The author of a novel must carefully consider their P.O.V. when selecting an audience for their narrative. The Boy in the Stripped Pyjamas written by John Boyne is a poignant tale written in a third-person limited point of view. Boyne tells the story through the innocence of the naïve, 9yr old central character, Bruno. This novel has a readership, yet is clearly it is aimed at younger readers. Boyne states it is a fable- a morale-driven didactic narrative. By using a child’s perspective the author engages his audience and uses the text to teach about significant themes such as friendship, innocence and ignorance, race, and man’s inhumanity to man.
One of the significant themes John Boyne explored in this text was friendship and loyalty. John Boyne makes one essential point about friendship, that is enduring friendship is reliant on sacrifice. Bruno and Shmuel were both brought up in completely different worlds but share a mutual desire for companionship during a difficult and lonely time. In defiance of their remarkably different upbringings, Bruno and Shmuel create a very meaningful and strong friendship. As their friendship develops, it is tested on many occasions as the boys navigate their individual realities, “I won’t have anyone to talk to anymore”, Shmuel's reaction here to Bruno leaving Auschwitz is super sad. Bruno's one of the best things Shmuel has going in his life at this point. Bruno’s loyalty was tested many times throughout the text, Bruno’s home was initially in Berlin, and when she gets removed he extremely forgets his childhood friends. This is apparent as he can’t recall their names. Ultimately, the boys unknowingly march to their death hand in hand with no one in the world but each other.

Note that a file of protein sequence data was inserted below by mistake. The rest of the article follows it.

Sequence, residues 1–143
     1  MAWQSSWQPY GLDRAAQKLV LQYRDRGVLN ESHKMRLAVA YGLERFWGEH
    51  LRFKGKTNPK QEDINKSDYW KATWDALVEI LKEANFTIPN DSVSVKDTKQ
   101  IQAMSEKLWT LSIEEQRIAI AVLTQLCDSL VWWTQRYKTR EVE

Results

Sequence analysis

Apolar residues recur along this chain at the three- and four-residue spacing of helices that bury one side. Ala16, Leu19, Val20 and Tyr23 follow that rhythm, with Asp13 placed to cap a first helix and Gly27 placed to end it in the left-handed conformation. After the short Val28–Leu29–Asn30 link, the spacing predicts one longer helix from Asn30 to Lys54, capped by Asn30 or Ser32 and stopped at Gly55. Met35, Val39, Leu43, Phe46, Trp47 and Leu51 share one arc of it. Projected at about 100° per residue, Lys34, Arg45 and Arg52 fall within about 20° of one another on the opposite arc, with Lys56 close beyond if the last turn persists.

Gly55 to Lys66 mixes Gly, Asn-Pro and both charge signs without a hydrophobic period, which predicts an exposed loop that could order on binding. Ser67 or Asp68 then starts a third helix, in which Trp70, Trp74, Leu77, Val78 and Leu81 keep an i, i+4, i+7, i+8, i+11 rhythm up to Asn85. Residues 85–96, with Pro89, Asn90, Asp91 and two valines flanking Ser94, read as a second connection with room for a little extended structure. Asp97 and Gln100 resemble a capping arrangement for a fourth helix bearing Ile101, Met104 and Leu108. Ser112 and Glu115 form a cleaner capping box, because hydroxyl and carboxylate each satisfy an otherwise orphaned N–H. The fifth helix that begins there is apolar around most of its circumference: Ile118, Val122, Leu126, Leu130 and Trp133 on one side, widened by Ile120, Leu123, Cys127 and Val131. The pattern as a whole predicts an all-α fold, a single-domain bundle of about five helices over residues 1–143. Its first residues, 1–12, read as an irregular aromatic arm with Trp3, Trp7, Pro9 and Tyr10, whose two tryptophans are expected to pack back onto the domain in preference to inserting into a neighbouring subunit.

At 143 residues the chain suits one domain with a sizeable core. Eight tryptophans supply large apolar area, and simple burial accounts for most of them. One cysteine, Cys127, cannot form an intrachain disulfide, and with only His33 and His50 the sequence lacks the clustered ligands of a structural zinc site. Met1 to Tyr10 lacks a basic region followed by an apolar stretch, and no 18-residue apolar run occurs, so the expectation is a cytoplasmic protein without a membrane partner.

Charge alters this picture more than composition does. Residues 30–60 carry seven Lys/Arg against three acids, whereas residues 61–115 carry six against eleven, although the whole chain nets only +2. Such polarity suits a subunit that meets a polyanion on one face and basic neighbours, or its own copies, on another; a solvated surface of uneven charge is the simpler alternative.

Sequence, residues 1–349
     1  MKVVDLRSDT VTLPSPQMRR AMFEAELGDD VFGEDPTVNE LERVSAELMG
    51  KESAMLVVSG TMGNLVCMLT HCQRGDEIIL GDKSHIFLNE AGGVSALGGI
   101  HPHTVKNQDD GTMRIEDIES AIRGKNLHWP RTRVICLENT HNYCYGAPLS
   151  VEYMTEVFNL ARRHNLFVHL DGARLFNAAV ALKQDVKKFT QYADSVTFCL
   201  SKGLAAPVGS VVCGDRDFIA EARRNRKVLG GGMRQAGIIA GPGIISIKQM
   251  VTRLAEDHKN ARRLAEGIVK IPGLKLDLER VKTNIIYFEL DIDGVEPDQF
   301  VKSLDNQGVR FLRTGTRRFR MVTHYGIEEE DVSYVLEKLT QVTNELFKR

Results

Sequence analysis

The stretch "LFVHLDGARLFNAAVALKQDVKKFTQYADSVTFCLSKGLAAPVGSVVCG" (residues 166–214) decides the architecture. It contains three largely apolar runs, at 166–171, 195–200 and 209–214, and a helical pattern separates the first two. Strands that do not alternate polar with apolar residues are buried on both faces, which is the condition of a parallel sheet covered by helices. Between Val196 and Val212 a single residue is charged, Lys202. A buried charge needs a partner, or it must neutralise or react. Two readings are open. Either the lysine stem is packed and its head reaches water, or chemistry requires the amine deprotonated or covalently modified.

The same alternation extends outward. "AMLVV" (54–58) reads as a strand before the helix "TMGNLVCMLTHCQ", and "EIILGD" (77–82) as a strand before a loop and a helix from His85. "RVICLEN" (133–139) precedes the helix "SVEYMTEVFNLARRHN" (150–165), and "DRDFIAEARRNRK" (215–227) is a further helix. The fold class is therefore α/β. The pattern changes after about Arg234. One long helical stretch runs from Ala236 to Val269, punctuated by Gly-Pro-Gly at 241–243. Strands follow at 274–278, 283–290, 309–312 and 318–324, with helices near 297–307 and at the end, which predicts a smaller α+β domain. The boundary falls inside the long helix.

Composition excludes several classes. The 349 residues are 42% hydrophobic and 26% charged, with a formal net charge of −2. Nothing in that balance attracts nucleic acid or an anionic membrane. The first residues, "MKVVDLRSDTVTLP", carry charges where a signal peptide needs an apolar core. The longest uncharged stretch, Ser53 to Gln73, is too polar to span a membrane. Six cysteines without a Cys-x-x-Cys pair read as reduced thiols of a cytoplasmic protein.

Innocence and ignorance are other of the many themes John Boyne explores throughout the novel. Bruno and Shmuel share an almost common childlike innocence. Innocence is shown through two of the characters Bruno and Shmuel, since they both have their own understanding of Auschwitz and Germany, the reality is that Shmuel is a Jewish prisoner and has certainly seen horrific sights. On the other hand, Bruno is the son of a commander of the SS and is fiercely protected by his parents who don’t want him to see the reality of the Holocaust, and they go to great lengths to keep the details of Bruno’s father’s secret from him.” Despite the chaos that followed, Bruno found that he was still holding Shmuel’s hand in his own and nothing in the world would have persuaded him to let go” when Bruno crosses the boundary the author wanted to show the audience a sense of horror and empathy. Innocence reinforces the idea that hatred and prejudice are learned behaviors.
The theme of race is a major theme that is explored throughout the text. Race is everywhere in this novel since it was a major part of the Holocaust though there were many others, Jewish people were a primary target for the Nazis. In the novel, the defining difference between Bruno and Shmuel is that Shmuel is Jewish. 'Who are all those people? And what are they all doing there?' Bruno asks this question when he sees the prisoners for the first time on the other side of the fence. At this point in the novel, he does not know that the majority of them are Jews until close to the end of the novel